Art painting in Ohrid between XI and XIV centuries- History of Ohrid

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Church paintings (frescoes) of XI century were made in monumental style, the strongest emphasis given to face expression. Artists were striving to depict the inner feelings of the painted saints. This style can be found in the in the preserved fresco paintings in the cathedral church of St. Sofia.

There are different opinions as to the construction of this cathedral temple. Some believe that St. Sofia was built in the time of the Bulgarian czar Boris, others link it with the period of the reign of Czar Samuel. There are also some that link its origin with the time of Archbishop Leo, i.e., mid XI century when he came to Ohrid from Constantinople. Most probable is the last assumption, since the frescoes in the church were painted a few years before the death of the Archbishop Leo (1037-1056). The authors of the frescoes are unknown, but it is assumed that they came from Thessalonika. It had taken them several years to paint them.

The best-preserved frescoes are those in the altar space. There, on the central apse a monumental figure of the Virgin Mary seated on the richly decorated throne with the Christ Child in her hands has been painted. Five angels approaching her have been painted from the left and right side.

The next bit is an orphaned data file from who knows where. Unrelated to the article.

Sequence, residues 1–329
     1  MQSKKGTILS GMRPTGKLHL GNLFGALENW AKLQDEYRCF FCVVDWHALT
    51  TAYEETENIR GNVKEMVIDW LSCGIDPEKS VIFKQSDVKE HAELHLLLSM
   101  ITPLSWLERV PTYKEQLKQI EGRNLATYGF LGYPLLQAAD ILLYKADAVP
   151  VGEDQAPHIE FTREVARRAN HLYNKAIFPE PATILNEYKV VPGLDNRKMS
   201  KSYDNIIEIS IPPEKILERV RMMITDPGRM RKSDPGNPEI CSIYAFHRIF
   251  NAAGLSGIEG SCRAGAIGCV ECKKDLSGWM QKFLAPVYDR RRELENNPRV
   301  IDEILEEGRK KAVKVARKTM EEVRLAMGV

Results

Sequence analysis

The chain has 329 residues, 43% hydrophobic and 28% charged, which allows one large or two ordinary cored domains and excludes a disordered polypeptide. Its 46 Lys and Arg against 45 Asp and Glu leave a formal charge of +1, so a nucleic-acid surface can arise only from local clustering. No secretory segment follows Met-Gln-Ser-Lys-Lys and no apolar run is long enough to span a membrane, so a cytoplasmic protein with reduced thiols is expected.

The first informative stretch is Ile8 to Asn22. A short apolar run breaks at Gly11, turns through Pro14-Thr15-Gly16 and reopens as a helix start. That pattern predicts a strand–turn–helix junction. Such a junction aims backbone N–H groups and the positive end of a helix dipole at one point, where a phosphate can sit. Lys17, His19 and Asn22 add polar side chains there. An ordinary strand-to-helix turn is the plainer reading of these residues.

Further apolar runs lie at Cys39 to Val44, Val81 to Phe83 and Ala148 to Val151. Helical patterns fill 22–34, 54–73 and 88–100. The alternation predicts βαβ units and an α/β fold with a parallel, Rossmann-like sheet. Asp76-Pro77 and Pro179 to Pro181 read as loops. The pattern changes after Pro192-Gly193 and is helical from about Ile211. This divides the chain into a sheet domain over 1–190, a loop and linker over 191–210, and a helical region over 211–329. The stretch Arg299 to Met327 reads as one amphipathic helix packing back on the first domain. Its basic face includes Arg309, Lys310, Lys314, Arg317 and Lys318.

Below the figure of Madonna with Child is the composition “Apostles Communion”. It is one of the most interesting compositions in the church, showing Christ who gives his blessing with the right hand, while holding bread with imprinted cross in cryptogram in his left hand. An angel approaching him and six Apostles standing one behind another are painted one both sides of Christ.

Also, the scenes “Christ Resurrection” and “Forty Holy Martyrs” have to be mentioned as paintings in the altar space. The former is one of the largest and most dominant compositions in the church. It is located on the vaulted altar ceiling and it shows the Apostles and the Virgin Mary led by the angels. The figures of the Apostles looking at the four flying angels who carry a medallion with the picture of Christ are shown on it. The elaborated details demonstrate the mastery of the fresco painters in this composition.

The second composition consists of several cycles, dominated by the scene “The Freezing of the Sebastian Soldiers in the Frozen Lake”. It was painted as the central composition in the apse. Each figure was depicted with equal attention and the depth of their sufferings can be seen from the expressions on their faces. This legend was especially appreciated in Constantinople. During this period of Byzantine painting it was painted only in the church of St. Sofia in Ohrid.

It is certain that in XI century, after the frescoes in the church of St. Sofia were finished, the icons were placed on the church iconostasis. The discovery of the icon dedicated to the forty Sebastian soldiers only supports the above mentioned. It was probably one of the icons that were kissed in the church St. Sofia. This icon, small in dimensions, is one of the oldest found in the region of Ohrid, and at the same time the earliest Byzantine icon with this motif.

The cult of the Slav educators, St. Cyril and Methodius and St. Clement of Ohrid is obvious from the presence of their portraits in the Cathedral St. Sofia. They are located on the church’s southern wall, next to the iconostasis.